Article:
Researchers from Northeastern University and Harvard Medical School have developed a miniature microfluidic device that is capable of capturing endothelial progenitor cells (EPCs) from the bloodstream, in a sample of only 200 microliters of blood. Because endothelial progenitor cells move towards injuries within blood vessels, detecting their presence can lead to a diagnostic system for various vascular diseases.
From the abstract:
The surface of a variable-shear-stress microfluidic device was conjugated with 6 different antibodies [anti-CD34, -CD31, -vascular endothelial growth factor receptor-2 (VEGFR-2), -CD146, -CD45, and -von Willebrand factor (vWF)] designed to match the surface antigens on ovine peripheral blood-derived EPCs. Microfluidic analysis showed a shear-stress-dependent decrease in EPC adhesion on attached surface antigens. EPCs exhibited increased adhesion to antibodies against CD34, VEGFR-2, CD31, and CD146 compared to CD45, consistent with their endothelial cell-specific surface profile, when exposed to a minimum shear stress of 1.47 dyn/cm(2). Bone-marrow-derived mesenchymal stem cells and artery-derived endothelial and smooth muscle cells were used to demonstrate the specificity of the EPC microfluidic device. Coated hematopoietic specific-surface (CD45) and granular vWF antibodies, as well as uncoated bare glass and substrate (1% BSA), were utilized as controls. Microfluidic devices have been developed as an EPC capture platform using immobilized antibodies targeted as EPC surface antigens.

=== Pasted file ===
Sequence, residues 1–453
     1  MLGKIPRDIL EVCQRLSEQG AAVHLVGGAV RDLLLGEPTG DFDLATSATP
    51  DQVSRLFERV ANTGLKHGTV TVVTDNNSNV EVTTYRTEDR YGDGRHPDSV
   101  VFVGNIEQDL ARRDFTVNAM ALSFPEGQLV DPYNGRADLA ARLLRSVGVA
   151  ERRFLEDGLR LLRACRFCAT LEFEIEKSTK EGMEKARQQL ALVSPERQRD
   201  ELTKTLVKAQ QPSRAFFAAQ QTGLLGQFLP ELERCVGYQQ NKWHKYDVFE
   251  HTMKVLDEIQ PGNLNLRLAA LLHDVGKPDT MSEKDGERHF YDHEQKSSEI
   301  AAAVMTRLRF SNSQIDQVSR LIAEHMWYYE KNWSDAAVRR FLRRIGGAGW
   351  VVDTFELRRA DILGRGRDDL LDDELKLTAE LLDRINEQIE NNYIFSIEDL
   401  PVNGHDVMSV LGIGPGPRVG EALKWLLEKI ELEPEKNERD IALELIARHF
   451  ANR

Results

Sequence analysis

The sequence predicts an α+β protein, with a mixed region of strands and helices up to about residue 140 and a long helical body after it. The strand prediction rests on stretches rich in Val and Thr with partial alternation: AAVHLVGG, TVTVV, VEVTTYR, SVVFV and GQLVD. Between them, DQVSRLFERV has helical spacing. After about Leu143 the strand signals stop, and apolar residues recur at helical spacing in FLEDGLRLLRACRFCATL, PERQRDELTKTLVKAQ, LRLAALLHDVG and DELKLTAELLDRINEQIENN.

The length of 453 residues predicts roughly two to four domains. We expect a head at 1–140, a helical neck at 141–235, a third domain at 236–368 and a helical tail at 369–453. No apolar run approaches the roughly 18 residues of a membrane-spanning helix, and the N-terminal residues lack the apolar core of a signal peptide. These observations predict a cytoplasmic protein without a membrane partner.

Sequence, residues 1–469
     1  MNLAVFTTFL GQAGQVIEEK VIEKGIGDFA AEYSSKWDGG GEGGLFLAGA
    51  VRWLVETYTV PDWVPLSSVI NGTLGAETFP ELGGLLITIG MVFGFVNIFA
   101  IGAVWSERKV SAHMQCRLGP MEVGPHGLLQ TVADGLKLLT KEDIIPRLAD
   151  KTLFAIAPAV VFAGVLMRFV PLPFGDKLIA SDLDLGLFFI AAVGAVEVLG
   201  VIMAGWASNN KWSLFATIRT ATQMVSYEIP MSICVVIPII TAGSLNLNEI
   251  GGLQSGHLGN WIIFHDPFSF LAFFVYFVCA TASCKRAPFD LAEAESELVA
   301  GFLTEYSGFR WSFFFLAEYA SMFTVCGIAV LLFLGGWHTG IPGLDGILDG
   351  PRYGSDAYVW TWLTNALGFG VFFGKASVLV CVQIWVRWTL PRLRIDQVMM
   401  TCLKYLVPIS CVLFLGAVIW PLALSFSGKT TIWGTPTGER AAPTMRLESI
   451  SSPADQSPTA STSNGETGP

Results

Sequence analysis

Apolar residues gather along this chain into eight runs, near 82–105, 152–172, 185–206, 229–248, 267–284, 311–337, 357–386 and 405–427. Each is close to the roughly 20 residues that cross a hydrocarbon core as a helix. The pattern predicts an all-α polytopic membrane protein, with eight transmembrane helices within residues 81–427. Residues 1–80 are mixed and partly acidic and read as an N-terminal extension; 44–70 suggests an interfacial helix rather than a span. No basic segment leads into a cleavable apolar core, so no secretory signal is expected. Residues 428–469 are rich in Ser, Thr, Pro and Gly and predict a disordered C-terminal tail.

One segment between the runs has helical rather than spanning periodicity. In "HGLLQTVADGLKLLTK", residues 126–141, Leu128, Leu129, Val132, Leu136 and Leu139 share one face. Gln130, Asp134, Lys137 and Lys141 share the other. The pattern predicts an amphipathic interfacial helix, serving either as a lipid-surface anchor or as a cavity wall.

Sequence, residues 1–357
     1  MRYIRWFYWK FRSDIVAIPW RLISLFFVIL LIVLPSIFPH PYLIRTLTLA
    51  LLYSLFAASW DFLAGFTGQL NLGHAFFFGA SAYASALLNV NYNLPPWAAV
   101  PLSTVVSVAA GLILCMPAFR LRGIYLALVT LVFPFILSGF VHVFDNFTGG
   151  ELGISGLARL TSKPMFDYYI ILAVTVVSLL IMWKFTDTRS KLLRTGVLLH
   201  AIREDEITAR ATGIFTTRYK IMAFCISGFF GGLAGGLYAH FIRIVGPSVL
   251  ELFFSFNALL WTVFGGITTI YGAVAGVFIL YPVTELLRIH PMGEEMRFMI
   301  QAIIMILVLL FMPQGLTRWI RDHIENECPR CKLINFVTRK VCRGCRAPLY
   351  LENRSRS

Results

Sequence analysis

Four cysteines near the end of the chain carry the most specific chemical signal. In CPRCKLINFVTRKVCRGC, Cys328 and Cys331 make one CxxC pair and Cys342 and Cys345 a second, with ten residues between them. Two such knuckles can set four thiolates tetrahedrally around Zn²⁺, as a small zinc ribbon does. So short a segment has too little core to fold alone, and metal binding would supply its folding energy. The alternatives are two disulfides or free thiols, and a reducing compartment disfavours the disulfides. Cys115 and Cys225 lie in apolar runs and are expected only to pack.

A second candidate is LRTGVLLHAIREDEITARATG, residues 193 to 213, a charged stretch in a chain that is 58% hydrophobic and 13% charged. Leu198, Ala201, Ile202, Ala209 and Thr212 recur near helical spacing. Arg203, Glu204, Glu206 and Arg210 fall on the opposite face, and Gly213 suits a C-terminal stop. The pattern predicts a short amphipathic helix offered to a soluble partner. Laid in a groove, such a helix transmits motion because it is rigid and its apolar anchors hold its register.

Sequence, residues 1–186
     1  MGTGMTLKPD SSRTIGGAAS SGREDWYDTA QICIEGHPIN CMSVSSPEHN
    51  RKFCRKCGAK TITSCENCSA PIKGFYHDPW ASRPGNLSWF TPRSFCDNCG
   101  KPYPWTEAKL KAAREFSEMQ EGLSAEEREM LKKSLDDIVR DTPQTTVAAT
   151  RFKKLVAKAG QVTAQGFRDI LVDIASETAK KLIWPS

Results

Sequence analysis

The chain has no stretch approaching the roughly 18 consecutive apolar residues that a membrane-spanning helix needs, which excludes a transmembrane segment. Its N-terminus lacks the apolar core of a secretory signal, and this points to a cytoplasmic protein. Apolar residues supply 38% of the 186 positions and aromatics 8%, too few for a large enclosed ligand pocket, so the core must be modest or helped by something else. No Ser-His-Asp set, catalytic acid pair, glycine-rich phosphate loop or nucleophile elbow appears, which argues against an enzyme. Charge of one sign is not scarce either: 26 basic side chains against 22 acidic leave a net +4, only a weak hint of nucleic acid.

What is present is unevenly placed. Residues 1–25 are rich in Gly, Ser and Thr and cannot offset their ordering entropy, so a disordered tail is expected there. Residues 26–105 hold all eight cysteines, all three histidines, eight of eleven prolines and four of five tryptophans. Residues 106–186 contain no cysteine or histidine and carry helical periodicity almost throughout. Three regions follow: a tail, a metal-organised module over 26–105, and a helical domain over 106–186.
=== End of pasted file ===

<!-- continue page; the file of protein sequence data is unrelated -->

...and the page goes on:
Abstract in FASEB Journal: Development of microfluidics as endothelial progenitor cell capture technology for cardiovascular tissue engineering and diagnostic medicine
(hat tip: Gizmag)